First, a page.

some gerc notes
I wrote humungus as a web frontend for hg project hosting when I didn’t like other available options. The easiest solution at the time was to run hg and communicate via pipes. This had a few drawbacks. Unstructured text protocols are fragile to parse and frequently become desynced. Some more commentary in linked post. Also, hg isn’t slow when running in daemon mode, but it’s not fast either.
I’d initially started with pygments for code highlighting and this was slow. Replacing it with simpler, if less featureful, native go code was 10x faster. Maybe I can do the same for mercurial as well.
The mercurial repo format is quite nice conceptually. The main file format is the revlog, an indexed append only log for each file. Of course, the revlog format has been the victim of reality and learning from experience. I had a number of repos created from various stages of mercurial development, and without knowing that certain things had changed, it made the development of gerc very frustrating.
Initially, the revlog always contained a diff against the previous entry. To recreate any particular version, you start with the last complete version, then apply diffs in sequence. Great. But then I noticed some corruption. Ah, ha, I observed. We don’t apply every diff. We follow a chain of parent revision pointers. In many cases, this was the same as the linear chain, but occasionally it’s different. But then I noticed some other corruption in a repo that previously worked.
I ended up spending entirely too much time flipping code around back and forth trying to test things both ways before noticing there’s a flag in the file header which indicates the method to use. So both approaches were correct, but only one works for any given file.
The right thing to do would have been to study the file format more closely, but early easy successes led me to believe it was a simple matter of a tweak here or there.
After a few frustrating late nights (I’m sure it’ll work, just need to try one more thing, ad nauseum) it all came together. The revlog format really is quite nice to work with once you know what’s going on.
The internal diff format is binary deltas, but humans like more readable text diffs. I implemented patience diffing because it was easy. Sometimes this means gerc and hg will show different diffs, but usually it’s fine. (And sometimes patience is better, too.)
I got to play with the go profiling tools. For the most part, runtime isn’t too bad, but initially I was allocating far more memory than necessary. For example, reconstructing a file starts with an original, then applies a series of deltas to create a new file. Applying many changes in sequnece I would throw away the old file. But swapping buffers eliminates an allocation.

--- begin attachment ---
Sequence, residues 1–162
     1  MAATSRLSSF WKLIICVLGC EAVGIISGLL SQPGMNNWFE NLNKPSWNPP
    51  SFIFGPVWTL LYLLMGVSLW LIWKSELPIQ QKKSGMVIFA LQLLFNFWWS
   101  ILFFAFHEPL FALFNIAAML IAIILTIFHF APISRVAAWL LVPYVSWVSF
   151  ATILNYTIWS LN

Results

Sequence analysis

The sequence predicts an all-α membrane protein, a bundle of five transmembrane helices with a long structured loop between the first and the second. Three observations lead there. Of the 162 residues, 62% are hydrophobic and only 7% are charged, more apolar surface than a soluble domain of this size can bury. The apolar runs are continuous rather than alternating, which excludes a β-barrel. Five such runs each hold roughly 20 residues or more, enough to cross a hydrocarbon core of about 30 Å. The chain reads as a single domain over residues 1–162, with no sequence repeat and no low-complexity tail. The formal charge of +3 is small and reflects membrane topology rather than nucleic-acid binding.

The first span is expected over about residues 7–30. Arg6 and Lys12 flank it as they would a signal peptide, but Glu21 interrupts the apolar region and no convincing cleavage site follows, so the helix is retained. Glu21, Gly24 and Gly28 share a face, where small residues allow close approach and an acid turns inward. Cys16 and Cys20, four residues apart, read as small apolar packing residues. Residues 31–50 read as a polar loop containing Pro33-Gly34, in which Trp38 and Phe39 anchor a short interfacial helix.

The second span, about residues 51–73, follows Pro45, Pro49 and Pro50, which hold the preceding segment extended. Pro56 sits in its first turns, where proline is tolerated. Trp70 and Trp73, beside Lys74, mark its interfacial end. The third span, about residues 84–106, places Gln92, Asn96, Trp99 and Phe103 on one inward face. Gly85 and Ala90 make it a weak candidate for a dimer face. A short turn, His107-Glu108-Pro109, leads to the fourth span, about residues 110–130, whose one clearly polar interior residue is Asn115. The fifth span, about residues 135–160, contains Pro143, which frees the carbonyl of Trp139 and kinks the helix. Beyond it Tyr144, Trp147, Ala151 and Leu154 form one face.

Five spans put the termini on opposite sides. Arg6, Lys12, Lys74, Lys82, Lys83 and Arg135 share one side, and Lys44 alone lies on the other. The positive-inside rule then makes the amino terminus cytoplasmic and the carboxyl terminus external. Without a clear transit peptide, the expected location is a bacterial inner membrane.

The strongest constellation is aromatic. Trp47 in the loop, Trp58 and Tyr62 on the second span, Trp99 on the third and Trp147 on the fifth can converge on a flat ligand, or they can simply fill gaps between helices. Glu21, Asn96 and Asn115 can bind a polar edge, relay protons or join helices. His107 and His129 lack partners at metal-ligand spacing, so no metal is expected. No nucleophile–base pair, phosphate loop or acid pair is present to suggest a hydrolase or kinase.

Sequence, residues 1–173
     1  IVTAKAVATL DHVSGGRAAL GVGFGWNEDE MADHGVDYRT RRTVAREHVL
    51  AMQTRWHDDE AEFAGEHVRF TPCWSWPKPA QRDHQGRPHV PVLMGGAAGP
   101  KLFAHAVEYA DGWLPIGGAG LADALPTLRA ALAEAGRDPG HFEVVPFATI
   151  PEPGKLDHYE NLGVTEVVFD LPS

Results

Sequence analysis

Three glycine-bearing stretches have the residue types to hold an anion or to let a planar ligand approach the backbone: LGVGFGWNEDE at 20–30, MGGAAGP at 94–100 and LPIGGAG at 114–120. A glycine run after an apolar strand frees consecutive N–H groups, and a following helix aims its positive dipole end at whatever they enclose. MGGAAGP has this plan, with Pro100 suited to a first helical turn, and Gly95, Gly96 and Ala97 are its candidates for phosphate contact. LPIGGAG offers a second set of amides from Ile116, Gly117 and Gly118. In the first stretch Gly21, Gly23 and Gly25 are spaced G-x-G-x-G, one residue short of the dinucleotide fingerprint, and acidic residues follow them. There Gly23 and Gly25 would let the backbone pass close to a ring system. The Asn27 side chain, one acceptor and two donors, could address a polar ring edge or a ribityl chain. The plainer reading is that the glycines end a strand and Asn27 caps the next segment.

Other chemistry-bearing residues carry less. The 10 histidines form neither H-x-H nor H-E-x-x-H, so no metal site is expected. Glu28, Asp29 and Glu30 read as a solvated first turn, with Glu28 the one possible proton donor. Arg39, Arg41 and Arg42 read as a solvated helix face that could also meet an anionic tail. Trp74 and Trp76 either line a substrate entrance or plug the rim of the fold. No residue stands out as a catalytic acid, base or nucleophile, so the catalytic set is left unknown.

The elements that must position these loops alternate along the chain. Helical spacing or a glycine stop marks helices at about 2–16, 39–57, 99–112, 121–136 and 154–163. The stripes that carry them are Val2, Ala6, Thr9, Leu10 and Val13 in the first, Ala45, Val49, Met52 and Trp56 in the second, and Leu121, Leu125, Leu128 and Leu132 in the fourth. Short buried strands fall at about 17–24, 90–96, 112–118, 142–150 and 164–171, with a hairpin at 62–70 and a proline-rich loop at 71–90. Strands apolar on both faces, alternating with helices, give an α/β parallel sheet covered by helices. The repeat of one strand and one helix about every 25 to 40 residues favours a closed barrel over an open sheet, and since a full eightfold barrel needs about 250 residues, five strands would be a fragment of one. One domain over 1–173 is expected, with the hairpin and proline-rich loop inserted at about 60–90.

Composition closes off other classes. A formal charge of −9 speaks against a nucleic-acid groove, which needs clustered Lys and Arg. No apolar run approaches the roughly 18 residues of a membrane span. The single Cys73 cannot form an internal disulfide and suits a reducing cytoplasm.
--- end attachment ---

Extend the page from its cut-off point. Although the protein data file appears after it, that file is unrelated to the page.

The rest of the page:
In general, I found the total number of allocations to be the best correlation with performance. Figure out where I was allocating memory, stop doing that, observe big wins.
Also, found that for whatever reason, at least on OpenBSD, using multiple threads in a nominally single threaded program is very slow. I got a 2x speedup by setting gomaxprocs to 1. This appeared to be mostly time that the garbage collector seemed to be contending against itself.
Replacing piped calls to hg with library calls to gerc made humungus dramatically simpler. It’s a lot easier to iterate over arrays of structs.
There’s also a command line shell that mimics the hg command.
Consistently faster than hg. Or chg. gerc diff in a working directory is close to instant.
carbon:~/proj/honk> time chg log -p | wc 32009 140897 1010760 0m02.20s real 0m00.01s user 0m00.07s system carbon:~/proj/honk> time gerc log -p | wc 30774 130752 969487 0m00.39s real 0m00.32s user 0m00.06s system carbon:~/proj/honk> time chg log -p | wc 32009 140897 1010760 0m02.25s real 0m00.01s user 0m00.05s system carbon:~/proj/honk> time gerc log -p | wc 30774 130752 969487 0m00.39s real 0m00.33s user 0m00.07s system
gerc is nowhere close to done. I poke at it from time to time, but it’s unlikely to ever really come close to being an hg replacement.
Mercurial is dying. I’m riding this ship all the way to the bottom.